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Laura S. Frost, Monika Damek-Poprawa, Kathleen Boesze-Battaglia; Role of Melanoregulin in Photoreceptor Outer Segment Phagocytosis and Lysosomal Maturation. Invest. Ophthalmol. Vis. Sci. 2011;52(14):2691.
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© ARVO (1962-2015); The Authors (2016-present)
Our previous studies document an essential role for melanoregulin (MREG) in lysosome-dependent degradation of photoreceptor outer segments (POS) by the retinal pigment epithelium (RPE), J.Biol Chem (2009) 284:10877-10889. Loss of MREG function results in delayed phagosome maturation leading to the accumulation of toxic debris associated with retinal degenerative disease. In these studies we investigate the role of MREG in the phagocytosis of POSs and test the hypothesis that MREG regulates lysosomal maturation through a MerTK dependent pathway.
We use a combination of biochemistry and immunocytochemistry to analyze the localization of MREG. To investigate the function of MREG an ARPE-19 cell line with reduced MREG expression was developed. MREG gene expression in response to prolonged phagocytic challenge was monitored by real-time PCR, protein expression by Western blotting and intracellular localization by immunocytochemistry.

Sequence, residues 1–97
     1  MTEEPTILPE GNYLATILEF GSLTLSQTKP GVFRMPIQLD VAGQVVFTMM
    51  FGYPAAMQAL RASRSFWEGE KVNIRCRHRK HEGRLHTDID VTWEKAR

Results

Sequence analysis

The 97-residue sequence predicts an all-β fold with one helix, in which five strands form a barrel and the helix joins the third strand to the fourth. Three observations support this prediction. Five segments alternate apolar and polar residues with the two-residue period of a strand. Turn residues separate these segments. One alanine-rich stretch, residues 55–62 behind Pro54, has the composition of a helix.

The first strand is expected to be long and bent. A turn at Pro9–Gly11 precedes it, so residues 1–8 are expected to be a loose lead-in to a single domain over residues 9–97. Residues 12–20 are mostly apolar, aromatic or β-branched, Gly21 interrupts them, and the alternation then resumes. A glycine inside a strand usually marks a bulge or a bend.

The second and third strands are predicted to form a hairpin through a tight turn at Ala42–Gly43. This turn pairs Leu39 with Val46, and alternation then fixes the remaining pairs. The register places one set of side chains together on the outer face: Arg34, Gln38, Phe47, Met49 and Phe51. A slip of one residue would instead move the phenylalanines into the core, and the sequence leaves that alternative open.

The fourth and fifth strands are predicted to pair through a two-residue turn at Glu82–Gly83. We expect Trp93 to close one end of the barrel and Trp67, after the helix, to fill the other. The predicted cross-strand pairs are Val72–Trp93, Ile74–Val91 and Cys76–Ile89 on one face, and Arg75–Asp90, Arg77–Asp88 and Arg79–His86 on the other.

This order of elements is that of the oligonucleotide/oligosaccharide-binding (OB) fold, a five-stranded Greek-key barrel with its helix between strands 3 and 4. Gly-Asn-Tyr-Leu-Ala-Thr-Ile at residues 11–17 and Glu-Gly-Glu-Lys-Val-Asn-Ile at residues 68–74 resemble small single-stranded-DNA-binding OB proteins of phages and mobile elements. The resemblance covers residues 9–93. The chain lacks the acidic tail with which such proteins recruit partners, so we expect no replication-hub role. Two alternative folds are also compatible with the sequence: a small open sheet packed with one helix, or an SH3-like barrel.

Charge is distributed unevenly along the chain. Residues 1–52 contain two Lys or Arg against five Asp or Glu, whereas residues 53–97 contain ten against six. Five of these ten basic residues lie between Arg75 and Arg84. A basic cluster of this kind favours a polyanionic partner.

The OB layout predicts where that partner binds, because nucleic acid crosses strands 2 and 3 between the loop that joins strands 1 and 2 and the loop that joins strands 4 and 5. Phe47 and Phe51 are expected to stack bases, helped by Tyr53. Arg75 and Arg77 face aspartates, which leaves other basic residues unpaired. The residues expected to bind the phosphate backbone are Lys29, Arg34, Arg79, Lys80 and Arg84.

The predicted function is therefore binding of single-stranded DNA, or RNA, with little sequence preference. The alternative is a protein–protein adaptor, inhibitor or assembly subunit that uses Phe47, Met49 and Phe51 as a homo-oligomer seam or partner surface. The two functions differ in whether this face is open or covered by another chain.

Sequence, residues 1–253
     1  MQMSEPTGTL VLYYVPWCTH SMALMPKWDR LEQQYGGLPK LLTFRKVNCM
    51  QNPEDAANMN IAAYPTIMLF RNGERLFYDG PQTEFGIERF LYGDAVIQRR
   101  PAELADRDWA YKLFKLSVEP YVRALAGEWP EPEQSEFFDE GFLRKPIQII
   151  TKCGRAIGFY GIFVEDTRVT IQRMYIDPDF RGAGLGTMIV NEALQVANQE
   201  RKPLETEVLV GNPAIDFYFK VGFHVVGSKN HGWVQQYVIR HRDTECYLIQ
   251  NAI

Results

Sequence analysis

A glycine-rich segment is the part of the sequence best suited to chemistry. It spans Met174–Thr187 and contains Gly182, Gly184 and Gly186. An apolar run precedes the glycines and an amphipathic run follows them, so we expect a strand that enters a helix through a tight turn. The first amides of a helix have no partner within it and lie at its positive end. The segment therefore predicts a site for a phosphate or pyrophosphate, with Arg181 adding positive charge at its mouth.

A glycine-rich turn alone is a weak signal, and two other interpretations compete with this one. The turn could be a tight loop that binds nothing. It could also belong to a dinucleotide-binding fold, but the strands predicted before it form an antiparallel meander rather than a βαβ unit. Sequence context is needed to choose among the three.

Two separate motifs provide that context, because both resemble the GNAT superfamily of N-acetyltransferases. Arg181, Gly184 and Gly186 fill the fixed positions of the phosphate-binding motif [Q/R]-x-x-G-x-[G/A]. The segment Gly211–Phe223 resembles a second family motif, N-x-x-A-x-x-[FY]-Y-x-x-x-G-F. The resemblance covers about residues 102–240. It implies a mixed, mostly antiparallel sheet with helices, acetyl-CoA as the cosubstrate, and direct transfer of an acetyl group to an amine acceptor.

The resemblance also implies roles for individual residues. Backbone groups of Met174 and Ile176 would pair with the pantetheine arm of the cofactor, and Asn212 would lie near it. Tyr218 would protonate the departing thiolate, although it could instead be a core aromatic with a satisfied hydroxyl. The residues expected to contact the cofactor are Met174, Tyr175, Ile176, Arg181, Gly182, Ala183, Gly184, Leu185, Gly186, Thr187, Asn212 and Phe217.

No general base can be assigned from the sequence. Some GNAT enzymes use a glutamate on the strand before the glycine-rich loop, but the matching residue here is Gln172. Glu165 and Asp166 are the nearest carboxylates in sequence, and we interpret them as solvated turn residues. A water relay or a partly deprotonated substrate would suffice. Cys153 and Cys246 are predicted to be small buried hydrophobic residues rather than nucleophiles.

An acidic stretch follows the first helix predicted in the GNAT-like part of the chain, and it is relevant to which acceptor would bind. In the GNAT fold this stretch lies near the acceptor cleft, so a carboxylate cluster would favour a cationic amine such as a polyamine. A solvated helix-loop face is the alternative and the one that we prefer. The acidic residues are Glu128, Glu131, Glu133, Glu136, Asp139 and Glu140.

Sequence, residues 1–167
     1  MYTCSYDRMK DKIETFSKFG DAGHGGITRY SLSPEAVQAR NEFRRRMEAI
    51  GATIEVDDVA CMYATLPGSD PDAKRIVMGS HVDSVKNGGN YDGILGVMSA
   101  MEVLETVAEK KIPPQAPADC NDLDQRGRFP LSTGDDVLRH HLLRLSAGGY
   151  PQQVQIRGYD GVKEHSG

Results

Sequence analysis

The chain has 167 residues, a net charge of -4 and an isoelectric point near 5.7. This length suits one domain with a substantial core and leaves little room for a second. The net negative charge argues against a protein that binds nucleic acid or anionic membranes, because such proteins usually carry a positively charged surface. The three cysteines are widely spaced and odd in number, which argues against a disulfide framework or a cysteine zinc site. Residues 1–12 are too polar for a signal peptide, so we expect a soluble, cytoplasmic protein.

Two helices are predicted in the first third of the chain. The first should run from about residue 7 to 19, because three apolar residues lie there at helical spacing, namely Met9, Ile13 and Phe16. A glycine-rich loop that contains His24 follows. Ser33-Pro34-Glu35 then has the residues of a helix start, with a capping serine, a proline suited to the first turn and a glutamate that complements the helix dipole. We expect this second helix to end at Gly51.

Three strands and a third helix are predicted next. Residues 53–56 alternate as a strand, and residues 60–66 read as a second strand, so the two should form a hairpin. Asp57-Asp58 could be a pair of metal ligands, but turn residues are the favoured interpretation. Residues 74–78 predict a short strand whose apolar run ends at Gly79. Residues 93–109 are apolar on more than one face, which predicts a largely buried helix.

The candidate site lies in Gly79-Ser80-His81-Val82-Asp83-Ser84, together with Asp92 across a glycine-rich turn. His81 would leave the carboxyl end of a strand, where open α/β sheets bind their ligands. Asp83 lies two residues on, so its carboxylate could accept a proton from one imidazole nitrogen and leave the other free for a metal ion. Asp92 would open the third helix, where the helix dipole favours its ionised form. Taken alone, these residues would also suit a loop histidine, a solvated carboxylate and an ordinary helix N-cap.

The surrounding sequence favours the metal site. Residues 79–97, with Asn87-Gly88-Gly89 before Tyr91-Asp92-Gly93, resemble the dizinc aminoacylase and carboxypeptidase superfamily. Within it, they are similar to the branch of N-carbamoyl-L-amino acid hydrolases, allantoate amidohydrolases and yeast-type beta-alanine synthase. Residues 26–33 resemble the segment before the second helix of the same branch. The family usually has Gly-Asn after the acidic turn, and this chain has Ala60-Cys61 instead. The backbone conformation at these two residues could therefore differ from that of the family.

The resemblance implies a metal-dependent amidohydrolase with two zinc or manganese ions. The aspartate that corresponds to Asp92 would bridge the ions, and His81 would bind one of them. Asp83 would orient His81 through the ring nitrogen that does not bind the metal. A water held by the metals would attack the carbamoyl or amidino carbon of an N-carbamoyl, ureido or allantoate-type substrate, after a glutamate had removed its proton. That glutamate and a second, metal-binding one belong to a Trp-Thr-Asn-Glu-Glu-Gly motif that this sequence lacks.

MREG, a 28 kDa peripheral membrane protein localizes to cholesterol rich RPE plasma membrane microdomains. Within intracellular punctate structures it colocalizes with late endosomal/lysosomal markers but not early endosomes. Knockdown of MREG expression by shRNA leads to fewer LAMP1 positive puncta suggesting a role in lysosomal formation. MREG expression increases in RPE cells fed POS over a prolonged period, with a greater increase seen in response to UV-oxidized POS, suggestive of a stress response. MREG expression in RPE cells decreases in response to stimulation with Protein S, the ligand for MerTK, and increases at later time points. Using reciprocal co-IPs and immunofluorescence analysis MREG was shown to interact with MerTK.
Collectively, our results suggest that MREG regulates the production of lysosomes in response to excessive phagocytic challenge. Possibly via a MerTK dependent pathway.
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